Hails from: Toronto, Canada.
Past life: Rob has written over 100 articles for ScienceNetwork WA and has promoted WA science to local, national and international audiences through his work with Murdoch University. He is the author of five novels, editor of two anthologies of fiction and former editor of Quarry magazine in Canada.
Favourite science: Rob has a great admiration and interest in UWA’s Oceans Institute. He believes the untapped potential of the world’s oceans is astonishing.
Loves: The arts, reading, travel.
EXAMINING recreational drugs via at-festival and in-club testing facilities may be safer for WA partygoers by letting them know what is actually in the drugs they are taking, according to local researchers.
A RESEARCHER out to debunk the long-held belief that mutating cells are the root cause of cancer took out the top prize at the WA final of FameLab last night.
GAME of Thrones season six premieres on Foxtel this weekend, and if the social media frenzy is anything to go by Australians’ enthusiasm for the show hasn’t waned.
CAROB kibble, derived from locust bean, is being touted as a potential new nutritional superfood and one whose production is well-suited to WA’s climate.
IT MIGHT seem like an idea out of CSI: Las Vegas, but local forensic researchers have come up with a way of using blowflies to determine if someone has died via nicotine poisoning.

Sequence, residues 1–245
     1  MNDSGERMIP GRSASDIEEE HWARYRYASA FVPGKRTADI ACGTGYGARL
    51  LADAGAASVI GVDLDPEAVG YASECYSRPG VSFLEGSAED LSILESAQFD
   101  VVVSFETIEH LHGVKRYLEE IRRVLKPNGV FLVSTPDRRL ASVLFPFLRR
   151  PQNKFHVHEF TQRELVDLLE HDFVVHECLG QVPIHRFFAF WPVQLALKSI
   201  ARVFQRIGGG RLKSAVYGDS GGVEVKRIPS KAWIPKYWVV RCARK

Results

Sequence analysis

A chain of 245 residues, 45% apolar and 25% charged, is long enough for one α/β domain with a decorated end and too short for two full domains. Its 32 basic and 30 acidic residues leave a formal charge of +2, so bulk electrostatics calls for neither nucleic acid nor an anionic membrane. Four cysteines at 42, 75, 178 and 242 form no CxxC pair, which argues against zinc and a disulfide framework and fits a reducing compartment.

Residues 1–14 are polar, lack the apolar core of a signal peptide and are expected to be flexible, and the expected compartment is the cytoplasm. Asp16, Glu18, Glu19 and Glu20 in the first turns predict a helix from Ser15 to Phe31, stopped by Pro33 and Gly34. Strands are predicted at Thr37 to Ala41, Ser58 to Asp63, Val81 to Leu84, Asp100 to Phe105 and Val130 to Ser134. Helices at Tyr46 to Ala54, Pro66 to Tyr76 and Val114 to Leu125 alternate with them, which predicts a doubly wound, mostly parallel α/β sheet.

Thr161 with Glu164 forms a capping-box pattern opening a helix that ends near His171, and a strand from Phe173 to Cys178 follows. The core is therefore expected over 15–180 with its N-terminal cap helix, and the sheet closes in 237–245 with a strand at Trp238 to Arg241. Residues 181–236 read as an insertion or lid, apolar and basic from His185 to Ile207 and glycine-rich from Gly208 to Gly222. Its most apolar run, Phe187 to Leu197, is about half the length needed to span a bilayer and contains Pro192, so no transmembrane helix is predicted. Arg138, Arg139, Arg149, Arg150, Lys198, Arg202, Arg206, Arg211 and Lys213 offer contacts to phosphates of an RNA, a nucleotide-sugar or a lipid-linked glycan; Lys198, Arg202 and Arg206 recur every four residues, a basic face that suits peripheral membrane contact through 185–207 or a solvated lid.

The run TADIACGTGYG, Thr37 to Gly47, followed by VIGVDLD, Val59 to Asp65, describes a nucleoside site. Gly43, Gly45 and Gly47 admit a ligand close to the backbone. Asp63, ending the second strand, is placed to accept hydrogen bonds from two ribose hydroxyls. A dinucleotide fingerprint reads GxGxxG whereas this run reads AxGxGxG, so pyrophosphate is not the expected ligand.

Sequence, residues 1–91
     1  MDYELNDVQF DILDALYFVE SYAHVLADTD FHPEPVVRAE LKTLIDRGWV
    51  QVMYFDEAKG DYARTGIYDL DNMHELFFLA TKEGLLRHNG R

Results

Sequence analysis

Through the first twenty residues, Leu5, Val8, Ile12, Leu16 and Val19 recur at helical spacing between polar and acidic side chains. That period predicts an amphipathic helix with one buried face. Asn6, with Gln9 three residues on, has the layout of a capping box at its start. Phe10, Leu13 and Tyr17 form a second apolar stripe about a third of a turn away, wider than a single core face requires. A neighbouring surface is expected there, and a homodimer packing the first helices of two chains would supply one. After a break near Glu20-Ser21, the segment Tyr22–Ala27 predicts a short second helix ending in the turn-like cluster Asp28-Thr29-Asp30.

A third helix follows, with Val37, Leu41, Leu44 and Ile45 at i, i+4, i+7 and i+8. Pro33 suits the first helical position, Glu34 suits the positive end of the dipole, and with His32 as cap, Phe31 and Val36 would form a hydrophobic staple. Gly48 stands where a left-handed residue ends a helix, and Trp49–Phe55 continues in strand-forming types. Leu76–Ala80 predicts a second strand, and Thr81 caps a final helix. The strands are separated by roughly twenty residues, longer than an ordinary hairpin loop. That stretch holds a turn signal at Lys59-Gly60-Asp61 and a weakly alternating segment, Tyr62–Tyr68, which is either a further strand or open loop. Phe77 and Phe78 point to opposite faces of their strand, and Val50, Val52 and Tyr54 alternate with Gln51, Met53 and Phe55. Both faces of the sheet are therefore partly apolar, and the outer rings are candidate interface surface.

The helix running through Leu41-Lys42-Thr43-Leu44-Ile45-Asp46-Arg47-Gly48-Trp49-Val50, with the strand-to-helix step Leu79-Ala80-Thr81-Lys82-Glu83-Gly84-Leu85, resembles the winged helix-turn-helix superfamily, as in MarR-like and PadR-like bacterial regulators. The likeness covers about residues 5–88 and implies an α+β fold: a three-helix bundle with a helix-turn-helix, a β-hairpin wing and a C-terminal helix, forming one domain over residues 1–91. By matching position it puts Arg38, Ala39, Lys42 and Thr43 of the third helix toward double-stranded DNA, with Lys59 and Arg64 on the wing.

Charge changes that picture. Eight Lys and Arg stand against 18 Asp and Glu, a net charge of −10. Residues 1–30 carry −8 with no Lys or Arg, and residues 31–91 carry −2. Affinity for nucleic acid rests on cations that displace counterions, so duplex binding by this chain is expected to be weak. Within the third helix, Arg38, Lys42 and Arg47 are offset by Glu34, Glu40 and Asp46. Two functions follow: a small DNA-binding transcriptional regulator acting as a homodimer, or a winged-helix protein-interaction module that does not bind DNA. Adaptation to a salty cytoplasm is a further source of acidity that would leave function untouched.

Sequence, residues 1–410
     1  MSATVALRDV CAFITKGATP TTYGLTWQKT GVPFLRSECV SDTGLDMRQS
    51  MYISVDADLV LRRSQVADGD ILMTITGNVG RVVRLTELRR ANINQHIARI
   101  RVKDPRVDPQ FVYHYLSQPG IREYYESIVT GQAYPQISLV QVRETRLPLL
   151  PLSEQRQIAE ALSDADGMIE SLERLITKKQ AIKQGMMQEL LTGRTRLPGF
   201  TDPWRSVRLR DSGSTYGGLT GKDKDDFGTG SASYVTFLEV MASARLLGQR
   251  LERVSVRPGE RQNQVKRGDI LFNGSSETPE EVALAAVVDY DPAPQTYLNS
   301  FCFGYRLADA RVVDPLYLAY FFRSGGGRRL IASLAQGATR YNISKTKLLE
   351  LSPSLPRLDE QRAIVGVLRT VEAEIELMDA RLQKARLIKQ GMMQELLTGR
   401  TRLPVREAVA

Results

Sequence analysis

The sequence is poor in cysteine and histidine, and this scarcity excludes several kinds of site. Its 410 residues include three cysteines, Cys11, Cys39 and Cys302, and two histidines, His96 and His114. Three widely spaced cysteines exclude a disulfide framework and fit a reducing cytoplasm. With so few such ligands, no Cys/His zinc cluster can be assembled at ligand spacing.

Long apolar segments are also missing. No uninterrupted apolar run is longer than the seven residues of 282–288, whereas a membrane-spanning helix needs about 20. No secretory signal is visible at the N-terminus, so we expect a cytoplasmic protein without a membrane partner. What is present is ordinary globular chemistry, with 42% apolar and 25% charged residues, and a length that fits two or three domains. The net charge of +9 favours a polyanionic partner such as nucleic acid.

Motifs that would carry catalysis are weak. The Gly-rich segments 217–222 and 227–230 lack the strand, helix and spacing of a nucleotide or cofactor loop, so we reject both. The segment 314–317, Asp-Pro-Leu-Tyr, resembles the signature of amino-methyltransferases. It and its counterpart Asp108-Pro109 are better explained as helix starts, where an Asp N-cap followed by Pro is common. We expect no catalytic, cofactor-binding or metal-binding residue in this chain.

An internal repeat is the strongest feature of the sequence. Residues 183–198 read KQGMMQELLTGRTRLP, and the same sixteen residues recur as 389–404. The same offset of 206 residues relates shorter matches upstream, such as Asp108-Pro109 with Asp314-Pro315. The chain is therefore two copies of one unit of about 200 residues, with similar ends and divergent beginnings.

IT WOULD not surprise many people to learn that being a new mum coupled with working is quite stressful but WA researchers have determined that this high stress level remains constant throughout the first eight years of their children’s lives.
A WA study has given mothers’ groups the thumbs-up for promoting community and well-being among Perth mums.
GIVING kindergarten teachers a little guidance and a lot of freedom seems to be the best way to get sedate pre-schoolers moving.
IT IS no secret that body image impacts a large portion of West Australians, with eating disorders affecting an estimated 1 million Australians at the end of 2012.
RESEARCHERS have found teenage girls with polycystic ovary syndrome (PCOS) are three-times more likely to have non-alcoholic fatty liver disease (NAFLD) than girls without PCOS.